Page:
Next, we must determine whether, as to that issue, there exists a true conflict of laws. In order to make this determination, we must examine the policies underlying Pennsylvania's rule concerning the calculation of damage amounts. It is clear to the Court that Pennsylvania has an interest in ensuring that its domiciliaries are fully compensated for injuries sustained as the result of a defendant's tortious conduct. See In re Air Crash Disaster, 575 F. Supp. 521, 526 (E.D. Pa. 1983); see also Girard Trust & Corn Exh. v. Philadelphia Transp. Co., 410 Pa. 530, 190 A.2d 293, 297 (1963). This "compensation interest" is implicated here, as plaintiffs are Pennsylvania residents who claim injuries based upon the actions of defendant, a corporation whose principal place of business is in New Jersey. (Am. Compl. PP 2, 3.)
Conversely, it appears that New Jersey's damage calculation is based upon the principle that damages in personal injury actions "should reflect as closely as possible, the plaintiff's actual loss." Ruff v. Weintraub, 105 N.J. 233, 239-40, 519 A.2d 1384 (1987). The goal in setting damages "is to compensate the plaintiff fairly and accurately for his losses." Bussell v. DeWalt Prods. Corp., 105 N.J. 223, 226, 519 A.2d 1379, 1381 (1987). Thus, the policy underlying the rule is rooted in "economic fairness" such that a plaintiff will not get a windfall as a result of the defendant's tortious conduct. Id., 519 A.2d at 1381. The facts presented here clearly implicate the policy underlying New Jersey's damage calculation rule. Defendant is a New Jersey domiciliary who may be subject to a damage award for the defective design of it product. Thus, New Jersey's interest in producing "an accurate award" is a "significant interest" that we must consider.
It is apparent that we are faced with a "true conflict" and a "true dilemma." See Pollock, 610 F. Supp. at 879. Thus, we must next examine the contacts between the parties and each state's contacts to the litigation. Amoroso, 901 F. Supp. at 903. "It is the qualitative, not the quantitative, nature of a state's contacts [that] ultimately determines whether its law should apply." Id. In general, courts begin by looking to the place of the injury. Id. However, the place of the injury is of little help in our determination, as the surgery took place in Bethedsa, Maryland.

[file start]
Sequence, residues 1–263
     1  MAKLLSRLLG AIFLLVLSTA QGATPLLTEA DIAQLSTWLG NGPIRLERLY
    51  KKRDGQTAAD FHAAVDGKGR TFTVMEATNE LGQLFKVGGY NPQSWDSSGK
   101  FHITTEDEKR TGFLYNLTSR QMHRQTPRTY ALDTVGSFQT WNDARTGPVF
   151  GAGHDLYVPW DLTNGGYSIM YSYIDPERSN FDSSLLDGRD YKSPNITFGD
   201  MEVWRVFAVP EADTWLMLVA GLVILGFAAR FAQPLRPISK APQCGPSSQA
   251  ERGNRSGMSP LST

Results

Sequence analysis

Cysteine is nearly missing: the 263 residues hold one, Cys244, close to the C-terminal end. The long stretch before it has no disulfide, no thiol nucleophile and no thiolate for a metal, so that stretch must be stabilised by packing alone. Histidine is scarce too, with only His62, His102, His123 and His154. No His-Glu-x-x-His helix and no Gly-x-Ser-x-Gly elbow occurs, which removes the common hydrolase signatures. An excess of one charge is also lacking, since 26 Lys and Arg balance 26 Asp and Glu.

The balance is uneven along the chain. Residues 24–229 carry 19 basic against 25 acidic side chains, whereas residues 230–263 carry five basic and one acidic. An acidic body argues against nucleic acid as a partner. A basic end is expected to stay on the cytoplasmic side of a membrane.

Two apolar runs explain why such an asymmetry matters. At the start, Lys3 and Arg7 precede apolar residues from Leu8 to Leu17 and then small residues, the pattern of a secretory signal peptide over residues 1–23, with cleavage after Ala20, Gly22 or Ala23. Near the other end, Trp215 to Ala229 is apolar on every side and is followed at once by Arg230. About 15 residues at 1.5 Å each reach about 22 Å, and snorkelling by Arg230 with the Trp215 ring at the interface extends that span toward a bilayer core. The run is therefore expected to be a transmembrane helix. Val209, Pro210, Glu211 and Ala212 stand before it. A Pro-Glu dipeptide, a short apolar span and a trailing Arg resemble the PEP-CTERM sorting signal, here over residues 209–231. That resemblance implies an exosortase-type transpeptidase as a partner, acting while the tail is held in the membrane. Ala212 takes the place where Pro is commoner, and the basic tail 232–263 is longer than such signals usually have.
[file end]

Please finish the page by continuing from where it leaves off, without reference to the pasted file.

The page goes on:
Thus, we will examine, in the present context, the applicable contacts that each state has to the litigation. Here, defendant has no contacts whatsoever to the state of Pennsylvania. It appears that the only fact linking Pennsylvania to this lawsuit is that it is the domicile of plaintiffs. Conversely, defendant is domiciled in the state of New Jersey, and plaintiffs chose to bring this lawsuit in this forum. We think that under these facts, the state with the "most significant relationship" to the litigation is New Jersey. Moreover, we find that the New Jersey policy in promoting "fairness" and an accurate verdict, is of paramount importance. Thus, after considering the relevant factors, we find that New Jersey law should govern.
An Order accompanies this Opinion.
For the reasons expressed in the accompanying Memorandum Opinion,
IT IS therefore on this 30th day of March, 1998, ORDERED that defendant, Huntleigh Healthcare's motion for summary judgment be and hereby is DENIED ; and
IT IS FURTHER ORDERED that plaintiffs William and Kimberly Poust's motion in limine for an Order applying Pennsylvania law to the issue of the calculation of damages be and hereby is DENIED. The law of the state of New Jersey will govern any computation of damages at trial.
MARY L. COOPER
United States District Judge